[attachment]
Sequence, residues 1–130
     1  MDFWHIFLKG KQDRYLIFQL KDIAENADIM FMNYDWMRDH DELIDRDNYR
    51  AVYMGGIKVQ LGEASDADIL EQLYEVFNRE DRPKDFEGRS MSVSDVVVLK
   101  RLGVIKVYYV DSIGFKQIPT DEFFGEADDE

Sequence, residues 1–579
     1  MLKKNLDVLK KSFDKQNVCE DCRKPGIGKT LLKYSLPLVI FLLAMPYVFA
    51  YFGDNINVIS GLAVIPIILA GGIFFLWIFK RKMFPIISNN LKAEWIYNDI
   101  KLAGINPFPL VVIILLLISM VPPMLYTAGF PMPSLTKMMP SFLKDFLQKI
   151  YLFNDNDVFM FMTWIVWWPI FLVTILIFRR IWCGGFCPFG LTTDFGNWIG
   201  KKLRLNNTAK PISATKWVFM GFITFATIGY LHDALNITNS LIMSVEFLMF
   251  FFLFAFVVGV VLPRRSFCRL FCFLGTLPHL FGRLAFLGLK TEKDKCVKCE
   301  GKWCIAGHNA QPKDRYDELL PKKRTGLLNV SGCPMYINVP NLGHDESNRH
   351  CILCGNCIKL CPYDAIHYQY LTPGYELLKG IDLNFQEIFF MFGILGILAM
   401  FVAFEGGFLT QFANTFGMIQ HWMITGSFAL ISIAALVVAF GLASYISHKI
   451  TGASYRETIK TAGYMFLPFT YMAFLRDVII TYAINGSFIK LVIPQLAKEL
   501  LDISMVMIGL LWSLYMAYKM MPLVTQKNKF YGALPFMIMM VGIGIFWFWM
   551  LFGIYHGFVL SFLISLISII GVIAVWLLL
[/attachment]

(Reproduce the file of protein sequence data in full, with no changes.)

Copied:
Sequence, residues 1–130
     1  MDFWHIFLKG KQDRYLIFQL KDIAENADIM FMNYDWMRDH DELIDRDNYR
    51  AVYMGGIKVQ LGEASDADIL EQLYEVFNRE DRPKDFEGRS MSVSDVVVLK
   101  RLGVIKVYYV DSIGFKQIPT DEFFGEADDE

Sequence, residues 1–579
     1  MLKKNLDVLK KSFDKQNVCE DCRKPGIGKT LLKYSLPLVI FLLAMPYVFA
    51  YFGDNINVIS GLAVIPIILA GGIFFLWIFK RKMFPIISNN LKAEWIYNDI
   101  KLAGINPFPL VVIILLLISM VPPMLYTAGF PMPSLTKMMP SFLKDFLQKI
   151  YLFNDNDVFM FMTWIVWWPI FLVTILIFRR IWCGGFCPFG LTTDFGNWIG
   201  KKLRLNNTAK PISATKWVFM GFITFATIGY LHDALNITNS LIMSVEFLMF
   251  FFLFAFVVGV VLPRRSFCRL FCFLGTLPHL FGRLAFLGLK TEKDKCVKCE
   301  GKWCIAGHNA QPKDRYDELL PKKRTGLLNV SGCPMYINVP NLGHDESNRH
   351  CILCGNCIKL CPYDAIHYQY LTPGYELLKG IDLNFQEIFF MFGILGILAM
   401  FVAFEGGFLT QFANTFGMIQ HWMITGSFAL ISIAALVVAF GLASYISHKI
   451  TGASYRETIK TAGYMFLPFT YMAFLRDVII TYAINGSFIK LVIPQLAKEL
   501  LDISMVMIGL LWSLYMAYKM MPLVTQKNKF YGALPFMIMM VGIGIFWFWM
   551  LFGIYHGFVL SFLISLISII GVIAVWLLL